What exactly is a vellum manuscript leaf, you say?
Before the printing press was invented by Johannes Gutenberg in the mid-1400s, books and manuscripts were produced by hand, mainly in monasteries. Each book had to be painstakingly hand-lettered. The material used was usually not paper, but thin parchment made from the limed skin of calves, sheep or goats. Often the books were decorated with colorful illustrations or ornate borders. Today, such books are called illuminated manuscripts.
A leaf from an illuminated manuscript.
After the invention of the printing press, book-making skyrocketed. Gradually the practice of lettering manuscripts by hand dropped off, then died altogether. It just didn't make sense, time-wise and money-wise.
However, there were still manuscripts that had to be hand-lettered by necessity. Musical manuscripts, for instance. Nobody had quite figured out a good way to reproduce staffs, bar-lines, clefs and notes with a printing press, so music was hand-lettered well into the 18th century.
. . . do you see where this is going now?
Our particular manuscript leaves--I should point out now that you have your choice of over two dozen--are from 1707, when music was still transcribed by hand. Like leaves from illuminated manuscripts, they are written on parchment and have decorated capital letters. The leaves were originally part of a book of Gregorian chants, and feature Latin words and square-note neumes. You can read more here if you'd like to brush up on your musical history. They're big, too. 13" by 20" big. At just $50 apiece, these 303-year-old beauties are a real bargain.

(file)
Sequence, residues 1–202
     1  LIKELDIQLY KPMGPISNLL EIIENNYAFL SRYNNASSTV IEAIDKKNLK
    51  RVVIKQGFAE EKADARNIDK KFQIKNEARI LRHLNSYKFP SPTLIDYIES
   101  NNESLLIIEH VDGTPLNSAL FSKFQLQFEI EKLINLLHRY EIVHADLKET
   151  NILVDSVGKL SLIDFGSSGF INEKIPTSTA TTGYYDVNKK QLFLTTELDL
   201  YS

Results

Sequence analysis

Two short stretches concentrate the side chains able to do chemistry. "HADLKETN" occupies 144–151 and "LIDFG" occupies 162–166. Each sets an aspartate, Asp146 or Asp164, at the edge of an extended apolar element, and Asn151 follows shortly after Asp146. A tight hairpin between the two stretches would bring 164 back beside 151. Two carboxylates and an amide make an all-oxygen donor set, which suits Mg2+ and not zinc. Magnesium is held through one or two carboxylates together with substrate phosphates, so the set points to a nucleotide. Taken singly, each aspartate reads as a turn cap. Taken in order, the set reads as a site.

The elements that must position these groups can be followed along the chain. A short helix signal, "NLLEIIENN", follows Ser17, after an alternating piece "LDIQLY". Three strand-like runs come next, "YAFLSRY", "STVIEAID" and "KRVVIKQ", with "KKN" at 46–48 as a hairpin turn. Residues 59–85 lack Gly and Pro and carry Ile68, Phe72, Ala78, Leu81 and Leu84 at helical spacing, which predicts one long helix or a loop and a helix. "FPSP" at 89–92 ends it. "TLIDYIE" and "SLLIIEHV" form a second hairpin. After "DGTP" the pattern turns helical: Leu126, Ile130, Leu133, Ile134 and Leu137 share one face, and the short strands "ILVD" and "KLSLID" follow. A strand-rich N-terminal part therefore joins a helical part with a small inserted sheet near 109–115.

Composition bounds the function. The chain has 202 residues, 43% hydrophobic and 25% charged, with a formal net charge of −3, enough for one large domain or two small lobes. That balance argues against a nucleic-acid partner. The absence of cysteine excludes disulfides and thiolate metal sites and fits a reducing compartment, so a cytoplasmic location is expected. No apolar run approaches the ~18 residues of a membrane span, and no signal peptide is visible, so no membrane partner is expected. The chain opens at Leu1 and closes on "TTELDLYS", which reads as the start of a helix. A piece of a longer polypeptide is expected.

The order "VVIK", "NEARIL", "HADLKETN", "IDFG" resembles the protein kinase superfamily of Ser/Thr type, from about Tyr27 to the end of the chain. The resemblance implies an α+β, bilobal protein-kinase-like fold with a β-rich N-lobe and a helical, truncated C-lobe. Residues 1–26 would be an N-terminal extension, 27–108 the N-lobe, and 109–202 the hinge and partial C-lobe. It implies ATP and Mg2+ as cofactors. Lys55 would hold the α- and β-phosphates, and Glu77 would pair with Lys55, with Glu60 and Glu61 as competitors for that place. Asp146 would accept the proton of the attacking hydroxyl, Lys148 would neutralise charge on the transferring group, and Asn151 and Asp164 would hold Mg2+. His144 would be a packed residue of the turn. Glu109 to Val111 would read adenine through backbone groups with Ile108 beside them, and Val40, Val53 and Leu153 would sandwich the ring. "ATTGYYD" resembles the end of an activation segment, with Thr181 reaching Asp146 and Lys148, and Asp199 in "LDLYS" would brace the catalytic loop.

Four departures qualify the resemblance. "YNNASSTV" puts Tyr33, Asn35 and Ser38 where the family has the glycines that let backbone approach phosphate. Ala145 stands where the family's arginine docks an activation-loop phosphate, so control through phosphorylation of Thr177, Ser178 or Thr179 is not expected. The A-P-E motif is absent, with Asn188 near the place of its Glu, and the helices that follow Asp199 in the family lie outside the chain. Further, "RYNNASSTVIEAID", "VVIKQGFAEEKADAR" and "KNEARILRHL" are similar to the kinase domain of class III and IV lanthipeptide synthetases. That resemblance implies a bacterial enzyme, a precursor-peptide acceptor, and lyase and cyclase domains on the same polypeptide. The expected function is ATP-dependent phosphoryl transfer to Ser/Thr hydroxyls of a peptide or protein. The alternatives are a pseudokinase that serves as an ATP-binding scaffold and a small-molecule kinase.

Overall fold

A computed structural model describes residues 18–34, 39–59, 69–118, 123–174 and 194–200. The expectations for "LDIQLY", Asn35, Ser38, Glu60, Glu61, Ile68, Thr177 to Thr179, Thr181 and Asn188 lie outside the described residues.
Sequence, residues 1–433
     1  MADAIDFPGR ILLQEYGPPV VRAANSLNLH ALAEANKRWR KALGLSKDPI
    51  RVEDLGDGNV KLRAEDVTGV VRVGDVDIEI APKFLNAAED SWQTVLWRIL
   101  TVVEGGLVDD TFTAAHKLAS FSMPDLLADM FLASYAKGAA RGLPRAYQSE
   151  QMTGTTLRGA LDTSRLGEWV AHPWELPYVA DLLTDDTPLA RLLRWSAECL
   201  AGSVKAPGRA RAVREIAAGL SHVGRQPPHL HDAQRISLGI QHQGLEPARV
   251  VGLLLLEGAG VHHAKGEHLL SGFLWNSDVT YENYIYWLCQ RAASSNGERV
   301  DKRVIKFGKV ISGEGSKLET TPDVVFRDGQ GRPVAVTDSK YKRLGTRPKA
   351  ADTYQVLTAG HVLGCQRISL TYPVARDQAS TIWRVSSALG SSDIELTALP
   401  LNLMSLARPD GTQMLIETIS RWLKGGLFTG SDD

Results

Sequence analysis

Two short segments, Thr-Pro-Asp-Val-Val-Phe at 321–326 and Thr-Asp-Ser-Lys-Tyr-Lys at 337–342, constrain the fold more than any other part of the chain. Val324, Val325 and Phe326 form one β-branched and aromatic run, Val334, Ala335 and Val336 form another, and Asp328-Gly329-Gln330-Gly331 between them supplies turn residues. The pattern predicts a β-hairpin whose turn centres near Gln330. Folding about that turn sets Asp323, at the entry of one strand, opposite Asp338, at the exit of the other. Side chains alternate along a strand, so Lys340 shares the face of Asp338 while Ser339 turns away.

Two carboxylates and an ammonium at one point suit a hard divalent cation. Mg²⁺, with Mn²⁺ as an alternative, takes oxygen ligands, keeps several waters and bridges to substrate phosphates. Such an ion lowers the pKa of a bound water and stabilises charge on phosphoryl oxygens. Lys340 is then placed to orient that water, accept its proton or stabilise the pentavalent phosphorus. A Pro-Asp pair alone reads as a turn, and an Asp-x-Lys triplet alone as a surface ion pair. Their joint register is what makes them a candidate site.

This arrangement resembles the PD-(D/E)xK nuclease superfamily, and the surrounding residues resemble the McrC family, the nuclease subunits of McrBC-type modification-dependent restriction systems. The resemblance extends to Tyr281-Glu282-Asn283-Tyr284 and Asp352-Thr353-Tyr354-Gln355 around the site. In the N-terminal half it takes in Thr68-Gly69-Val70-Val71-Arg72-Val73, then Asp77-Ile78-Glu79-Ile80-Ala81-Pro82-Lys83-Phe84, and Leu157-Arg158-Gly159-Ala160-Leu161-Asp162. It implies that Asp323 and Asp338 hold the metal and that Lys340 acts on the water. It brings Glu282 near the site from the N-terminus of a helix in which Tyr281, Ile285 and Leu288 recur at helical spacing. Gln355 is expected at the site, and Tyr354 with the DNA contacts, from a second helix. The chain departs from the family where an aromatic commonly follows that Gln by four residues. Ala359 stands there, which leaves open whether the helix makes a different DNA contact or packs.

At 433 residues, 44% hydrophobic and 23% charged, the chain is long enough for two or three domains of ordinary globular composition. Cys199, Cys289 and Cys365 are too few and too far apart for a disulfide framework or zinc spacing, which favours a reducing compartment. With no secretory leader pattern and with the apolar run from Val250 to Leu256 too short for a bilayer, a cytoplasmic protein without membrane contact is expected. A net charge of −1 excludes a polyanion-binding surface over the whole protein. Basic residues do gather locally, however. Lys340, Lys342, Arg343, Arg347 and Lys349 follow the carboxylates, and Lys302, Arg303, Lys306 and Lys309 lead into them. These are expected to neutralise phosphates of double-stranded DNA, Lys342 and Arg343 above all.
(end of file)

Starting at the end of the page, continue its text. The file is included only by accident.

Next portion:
Sure, you can get your music-lover or music major the requisite Bach CD for the holidays. Maybe a Beatles sweatshirt or a lapel pin shaped like a treble clef. But those gifts don't begin to approach the uniqueness and the loveliness of these Gregorian manuscript leaves, which would look wonderful framed in your loved one's studio or study. (No offense to Johann Sebastian or John, Paul, George and Ringo.)
Please bear in mind before you buy that the leaves have endured the wrath of three centuries, and are not in pristine condition. Each one has varying degrees of water damage, which mainly presents as darkening, smudging and wrinkling. The damage is well over two hundred years old, though, so you shouldn't have to worry about mold or other dampness.
Ask to see these on your next visit to the bookshop; you won't be disappointed!
Title: Vellum Manuscript Leaf